Portland, Oregon (NAPSI) - These days, there’s more to medicine than meets the eye. It’s true, physicians rely heavily on what they can see to diagnose and treat the patients in their care. From inspecting a wound, to studying X-ray imagery, to watching someone react to different stimuli in a physical examination, doctors use visual examinations as a critical component in understanding the state of a patient’s health.

New On The Medicine Scene

Today, however, physicians also rely on being able to communicate and exchange visual information, even when a patient or a colleague isn’t physically present. High-speed broadband and Ethernet-based networks support easy sharing of large medical image files and videoconferencing for remote health care visits and virtual collaboration. As in so many industries, broadband has been transformative in health care. Visual media—high-resolution imagery and video—have become fundamental tools in the evolving medical field.

In the U.S., cable companies are the primary source of residential high-speed broadband connections and, after delivering TV for more than half a century, cable operators are also experts in delivering video. This expertise extends not only to homes across the country but to businesses, including health care facilities nationwide.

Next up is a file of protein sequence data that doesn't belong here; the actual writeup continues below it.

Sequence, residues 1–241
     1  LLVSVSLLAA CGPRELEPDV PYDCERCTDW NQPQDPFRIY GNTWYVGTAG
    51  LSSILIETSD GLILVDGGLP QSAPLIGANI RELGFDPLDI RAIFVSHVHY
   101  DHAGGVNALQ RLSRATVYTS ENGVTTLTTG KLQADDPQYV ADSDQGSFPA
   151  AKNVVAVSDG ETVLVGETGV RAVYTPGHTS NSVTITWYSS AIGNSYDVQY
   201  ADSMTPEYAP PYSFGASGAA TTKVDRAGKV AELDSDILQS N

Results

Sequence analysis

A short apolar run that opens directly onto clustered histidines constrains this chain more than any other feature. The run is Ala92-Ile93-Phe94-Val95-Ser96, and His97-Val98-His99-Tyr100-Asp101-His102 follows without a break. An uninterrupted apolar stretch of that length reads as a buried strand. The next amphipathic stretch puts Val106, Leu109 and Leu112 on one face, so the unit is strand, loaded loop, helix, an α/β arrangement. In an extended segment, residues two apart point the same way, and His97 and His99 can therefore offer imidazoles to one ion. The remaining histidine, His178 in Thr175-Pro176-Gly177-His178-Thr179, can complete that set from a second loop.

Consider These Examples

Charter Communications recently worked with Oregon Health Network to complete an 87-mile fiber network running from Grants Pass, Oregon to Crescent City, California. This broadband pipeline will let technicians send a magnetic resonance imaging (MRI) X-ray from Oregon to Sutter Coast Hospital in Crescent City in less than a second.

A rural health clinic in Oklahoma uses cable services from Cox Communications to support videoconferencing with health specialists in Oklahoma City. A stroke victim was the first patient to benefit from the system.

Time Warner Cable delivers video offerings to health care facilities, including access to training and patient education, through its video-on-demand service, indicating that there’s growing need for health care-specific video delivery.

As the medical industry increasingly depends not only on broadband but on high-resolution imagery and video, cable companies are expected to become more important allies in patient care. The trend is likely to accelerate in the months and years ahead.

Learn More

For more information, visit the Healthcare section of www.cablemeansbusiness.com.